How to Design Programs: An Introduction to Computing and Programming
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Section 25
A New Form of Recursion
The functions we have developed so far fall into two broad categories. On one hand, we have the category of
functions that encapsulate domain knowledge. On the other hand, we have functions that consume structured
data. These functions typically decompose their arguments into their immediate structural components and then
process those components. If one of the immediate components belongs to the same class of data as the input,
the function is recursive. For that reason, we refer to these functions as (STRUCTURALLY) RECURSIVE
FUNCTIONS
. In some cases, however, we also need functions based on a different form of recursion, namely,
generative recursion. The study of this form of recursion is as old as mathematics and is often called the study
of ALGORITHMS.
The inputs of an algorithm represent a problem. Except for rare occasions, the problem is an instance of a large
class of problems and the algorithm works for all of these problems. In general, an algorithm partitions a
problem into other, smaller problems and solves those. For example, an algorithm for planning a vacation trip
requires arrangements for a trip from our home to a nearby airport, a flight to an airport near our vacation spot,
and a trip from that airport to our vacation hotel. The entire problem is solved by combining the solutions for
these problems.
Designing an algorithm distinguishes two kinds of problems: those that are TRIVIALLY SOLVABLE
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and those
that are not. If a given problem is trivially solvable, an algorithm produces the matching solution. For example,
the problem of getting from our home to a nearby airport might be trivially solvable. We can drive there, take a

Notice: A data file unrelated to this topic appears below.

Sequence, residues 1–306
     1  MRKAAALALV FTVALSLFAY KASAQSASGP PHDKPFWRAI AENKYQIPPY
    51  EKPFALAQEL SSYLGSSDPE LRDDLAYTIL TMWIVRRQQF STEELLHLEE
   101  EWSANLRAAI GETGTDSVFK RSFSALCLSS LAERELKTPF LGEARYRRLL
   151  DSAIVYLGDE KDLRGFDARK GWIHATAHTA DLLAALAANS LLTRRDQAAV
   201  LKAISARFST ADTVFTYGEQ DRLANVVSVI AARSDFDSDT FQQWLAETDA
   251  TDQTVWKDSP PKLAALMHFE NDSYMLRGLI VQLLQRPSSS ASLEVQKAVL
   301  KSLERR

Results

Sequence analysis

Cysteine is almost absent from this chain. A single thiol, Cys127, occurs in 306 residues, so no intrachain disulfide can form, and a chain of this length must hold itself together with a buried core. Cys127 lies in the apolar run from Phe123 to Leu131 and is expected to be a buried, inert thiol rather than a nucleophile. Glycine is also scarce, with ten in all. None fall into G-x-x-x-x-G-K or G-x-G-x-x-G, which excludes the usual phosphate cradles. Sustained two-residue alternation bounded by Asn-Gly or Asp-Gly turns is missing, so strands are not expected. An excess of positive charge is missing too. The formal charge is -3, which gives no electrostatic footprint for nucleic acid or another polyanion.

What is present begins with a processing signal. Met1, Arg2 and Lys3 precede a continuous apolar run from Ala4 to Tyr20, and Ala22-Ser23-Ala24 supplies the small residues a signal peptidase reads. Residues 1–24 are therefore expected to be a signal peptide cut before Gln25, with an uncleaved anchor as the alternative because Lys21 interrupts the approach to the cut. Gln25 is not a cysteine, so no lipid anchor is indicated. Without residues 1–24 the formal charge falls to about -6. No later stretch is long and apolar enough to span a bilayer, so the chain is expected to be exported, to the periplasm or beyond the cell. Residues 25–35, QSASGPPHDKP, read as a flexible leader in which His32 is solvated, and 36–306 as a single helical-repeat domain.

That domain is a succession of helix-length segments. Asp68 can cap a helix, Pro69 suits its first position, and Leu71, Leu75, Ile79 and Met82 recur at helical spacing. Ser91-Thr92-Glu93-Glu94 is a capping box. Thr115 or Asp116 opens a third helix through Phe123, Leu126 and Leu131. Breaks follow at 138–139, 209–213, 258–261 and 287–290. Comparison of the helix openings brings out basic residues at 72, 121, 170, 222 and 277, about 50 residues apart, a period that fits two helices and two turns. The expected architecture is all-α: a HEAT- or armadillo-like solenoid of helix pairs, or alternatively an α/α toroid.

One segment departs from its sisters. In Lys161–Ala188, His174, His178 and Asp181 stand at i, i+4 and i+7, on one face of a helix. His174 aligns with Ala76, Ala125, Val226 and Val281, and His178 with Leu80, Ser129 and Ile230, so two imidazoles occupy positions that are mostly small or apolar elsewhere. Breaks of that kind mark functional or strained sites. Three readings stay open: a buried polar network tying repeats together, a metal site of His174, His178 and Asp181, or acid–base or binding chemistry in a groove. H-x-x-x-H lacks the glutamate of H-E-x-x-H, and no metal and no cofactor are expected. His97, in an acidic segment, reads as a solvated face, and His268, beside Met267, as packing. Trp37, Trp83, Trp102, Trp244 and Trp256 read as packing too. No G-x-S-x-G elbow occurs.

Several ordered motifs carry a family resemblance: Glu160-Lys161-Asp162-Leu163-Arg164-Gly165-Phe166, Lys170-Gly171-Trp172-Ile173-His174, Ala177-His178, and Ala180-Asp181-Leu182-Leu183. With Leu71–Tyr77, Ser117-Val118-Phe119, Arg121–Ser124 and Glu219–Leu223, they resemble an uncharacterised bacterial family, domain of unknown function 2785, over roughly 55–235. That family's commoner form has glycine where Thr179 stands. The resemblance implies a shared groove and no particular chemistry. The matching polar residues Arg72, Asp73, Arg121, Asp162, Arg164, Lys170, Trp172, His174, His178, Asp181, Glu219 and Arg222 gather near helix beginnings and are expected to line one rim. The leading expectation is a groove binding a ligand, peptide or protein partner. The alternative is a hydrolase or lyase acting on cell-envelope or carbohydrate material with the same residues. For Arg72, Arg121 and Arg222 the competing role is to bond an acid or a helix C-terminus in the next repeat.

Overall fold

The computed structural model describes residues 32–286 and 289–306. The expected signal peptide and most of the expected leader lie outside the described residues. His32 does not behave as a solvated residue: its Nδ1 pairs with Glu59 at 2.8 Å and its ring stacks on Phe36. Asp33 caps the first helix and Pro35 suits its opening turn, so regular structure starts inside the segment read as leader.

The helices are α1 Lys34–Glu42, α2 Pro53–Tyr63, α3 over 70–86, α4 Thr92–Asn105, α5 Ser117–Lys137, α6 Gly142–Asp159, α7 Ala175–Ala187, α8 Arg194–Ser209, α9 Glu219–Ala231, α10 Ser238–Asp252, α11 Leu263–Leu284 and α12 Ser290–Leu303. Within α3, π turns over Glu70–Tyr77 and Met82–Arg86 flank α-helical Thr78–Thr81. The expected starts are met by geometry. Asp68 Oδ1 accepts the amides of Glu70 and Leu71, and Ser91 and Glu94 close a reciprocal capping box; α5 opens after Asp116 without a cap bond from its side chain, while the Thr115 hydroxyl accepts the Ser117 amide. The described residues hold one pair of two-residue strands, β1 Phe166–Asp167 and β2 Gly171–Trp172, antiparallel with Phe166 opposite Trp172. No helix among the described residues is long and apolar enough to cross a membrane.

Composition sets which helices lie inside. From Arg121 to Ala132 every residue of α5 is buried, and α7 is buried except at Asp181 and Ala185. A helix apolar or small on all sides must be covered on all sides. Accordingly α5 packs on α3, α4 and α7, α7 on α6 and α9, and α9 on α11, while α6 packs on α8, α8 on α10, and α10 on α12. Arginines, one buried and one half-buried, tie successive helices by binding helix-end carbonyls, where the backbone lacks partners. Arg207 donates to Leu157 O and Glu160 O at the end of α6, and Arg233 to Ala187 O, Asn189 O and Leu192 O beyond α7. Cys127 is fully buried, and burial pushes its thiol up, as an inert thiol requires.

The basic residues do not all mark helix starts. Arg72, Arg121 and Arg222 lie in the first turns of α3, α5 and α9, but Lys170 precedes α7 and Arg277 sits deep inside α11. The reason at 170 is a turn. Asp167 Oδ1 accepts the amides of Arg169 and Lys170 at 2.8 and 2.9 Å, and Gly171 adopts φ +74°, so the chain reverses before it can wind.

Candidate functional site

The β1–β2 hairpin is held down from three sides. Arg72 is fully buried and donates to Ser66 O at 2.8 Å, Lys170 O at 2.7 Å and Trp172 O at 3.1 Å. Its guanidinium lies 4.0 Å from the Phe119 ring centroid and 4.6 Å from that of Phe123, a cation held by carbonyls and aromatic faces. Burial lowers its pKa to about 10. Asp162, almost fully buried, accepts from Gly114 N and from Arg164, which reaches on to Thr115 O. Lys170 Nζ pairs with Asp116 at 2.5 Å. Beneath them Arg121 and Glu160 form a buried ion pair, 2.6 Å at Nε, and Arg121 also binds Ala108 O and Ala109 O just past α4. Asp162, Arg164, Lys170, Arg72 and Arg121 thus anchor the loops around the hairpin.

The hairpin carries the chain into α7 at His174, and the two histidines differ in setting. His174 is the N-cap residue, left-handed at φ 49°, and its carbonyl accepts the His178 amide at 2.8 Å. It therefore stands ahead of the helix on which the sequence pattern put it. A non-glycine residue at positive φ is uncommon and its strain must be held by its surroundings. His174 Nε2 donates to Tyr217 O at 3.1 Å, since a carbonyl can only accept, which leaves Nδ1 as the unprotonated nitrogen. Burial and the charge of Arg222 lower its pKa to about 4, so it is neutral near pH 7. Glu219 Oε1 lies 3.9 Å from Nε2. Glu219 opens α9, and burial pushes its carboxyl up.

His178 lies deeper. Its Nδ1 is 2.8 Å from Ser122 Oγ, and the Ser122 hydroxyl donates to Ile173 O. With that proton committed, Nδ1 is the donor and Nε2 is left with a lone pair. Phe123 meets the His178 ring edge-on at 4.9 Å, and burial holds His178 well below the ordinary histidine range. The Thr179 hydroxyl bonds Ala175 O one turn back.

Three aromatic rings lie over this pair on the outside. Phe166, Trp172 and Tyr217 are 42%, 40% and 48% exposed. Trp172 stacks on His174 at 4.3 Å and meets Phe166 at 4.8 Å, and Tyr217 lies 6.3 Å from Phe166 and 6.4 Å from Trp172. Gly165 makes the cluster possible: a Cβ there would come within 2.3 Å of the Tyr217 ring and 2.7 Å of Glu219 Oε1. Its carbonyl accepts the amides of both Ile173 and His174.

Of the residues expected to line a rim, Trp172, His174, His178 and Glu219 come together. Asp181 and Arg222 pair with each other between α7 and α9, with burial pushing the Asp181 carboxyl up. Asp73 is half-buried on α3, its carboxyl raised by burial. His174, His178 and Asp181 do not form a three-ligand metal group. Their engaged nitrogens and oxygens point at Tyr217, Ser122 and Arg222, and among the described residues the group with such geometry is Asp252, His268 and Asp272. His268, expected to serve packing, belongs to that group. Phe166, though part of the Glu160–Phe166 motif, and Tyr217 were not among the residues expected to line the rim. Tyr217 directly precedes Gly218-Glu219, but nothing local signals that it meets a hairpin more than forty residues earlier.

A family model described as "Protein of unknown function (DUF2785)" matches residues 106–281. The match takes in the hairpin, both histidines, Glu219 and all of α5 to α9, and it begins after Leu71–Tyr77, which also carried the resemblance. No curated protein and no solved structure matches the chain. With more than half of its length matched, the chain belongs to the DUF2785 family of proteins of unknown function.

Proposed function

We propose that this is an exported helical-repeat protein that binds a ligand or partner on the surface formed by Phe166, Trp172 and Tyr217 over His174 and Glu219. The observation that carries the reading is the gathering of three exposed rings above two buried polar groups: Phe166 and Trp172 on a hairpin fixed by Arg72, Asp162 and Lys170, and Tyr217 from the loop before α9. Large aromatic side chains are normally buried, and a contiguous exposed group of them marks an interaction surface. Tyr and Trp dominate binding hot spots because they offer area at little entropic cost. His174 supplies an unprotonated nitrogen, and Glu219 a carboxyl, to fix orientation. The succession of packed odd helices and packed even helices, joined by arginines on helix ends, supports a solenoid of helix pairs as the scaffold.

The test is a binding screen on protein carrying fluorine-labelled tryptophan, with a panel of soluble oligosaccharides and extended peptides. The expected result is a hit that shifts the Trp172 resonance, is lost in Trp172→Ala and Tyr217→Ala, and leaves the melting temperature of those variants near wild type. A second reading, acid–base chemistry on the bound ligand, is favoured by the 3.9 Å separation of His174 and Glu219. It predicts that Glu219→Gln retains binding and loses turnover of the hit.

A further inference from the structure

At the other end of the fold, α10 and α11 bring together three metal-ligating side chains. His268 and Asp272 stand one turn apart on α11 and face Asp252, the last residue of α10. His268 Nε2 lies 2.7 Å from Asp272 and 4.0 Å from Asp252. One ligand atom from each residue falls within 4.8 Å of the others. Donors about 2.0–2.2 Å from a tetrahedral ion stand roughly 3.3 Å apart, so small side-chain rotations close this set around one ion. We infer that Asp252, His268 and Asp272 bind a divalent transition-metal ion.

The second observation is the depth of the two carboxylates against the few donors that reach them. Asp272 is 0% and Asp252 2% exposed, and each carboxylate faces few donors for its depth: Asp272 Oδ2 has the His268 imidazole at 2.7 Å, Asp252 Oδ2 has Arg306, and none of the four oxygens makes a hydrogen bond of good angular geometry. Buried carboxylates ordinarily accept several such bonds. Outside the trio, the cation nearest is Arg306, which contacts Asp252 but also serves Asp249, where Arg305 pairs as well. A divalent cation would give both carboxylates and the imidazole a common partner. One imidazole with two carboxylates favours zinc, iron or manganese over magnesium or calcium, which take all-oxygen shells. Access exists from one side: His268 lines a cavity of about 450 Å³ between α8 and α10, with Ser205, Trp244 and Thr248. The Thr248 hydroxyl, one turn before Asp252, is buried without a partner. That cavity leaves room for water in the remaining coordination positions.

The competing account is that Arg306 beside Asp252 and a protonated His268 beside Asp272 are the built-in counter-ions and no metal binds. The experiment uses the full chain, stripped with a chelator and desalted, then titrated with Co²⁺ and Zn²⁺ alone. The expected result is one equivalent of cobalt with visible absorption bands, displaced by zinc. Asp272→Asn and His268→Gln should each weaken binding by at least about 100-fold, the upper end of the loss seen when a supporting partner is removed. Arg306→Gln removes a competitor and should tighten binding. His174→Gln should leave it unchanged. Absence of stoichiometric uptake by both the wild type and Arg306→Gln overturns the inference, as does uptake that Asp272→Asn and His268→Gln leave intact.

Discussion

cab, or ask a friend to drop us off. If not, the algorithm generates a new problem and solves those new
problems. A multistage trip is an example of a problem that is non-trivial and can be solved by generating new,
smaller problems. In a computational setting one of the smaller problems often belongs to the same class of
problems as the original one, and it is for this reason that we call the approach GENERATIVE RECURSION.
In this part of the book, we study the design of algorithms, that is, functions based on generative recursion.
From the description of the idea, we know that this process is much more of an ad hoc activity than the data-
driven design of structurally recursive functions. Indeed, it is almost better to call it inventing an algorithm than
designing one. Inventing an algorithm requires a new insight -- a ``eureka.'' Sometimes very little insight is
required. For example, solving a ``problem'' might just require the enumeration of a series of numbers. At other
times, however, it may rely on a mathematical theorem concerning numbers. Or, it may exploit a series of
mathematical results on systems of equations. To acquire a good understanding of the design process, it is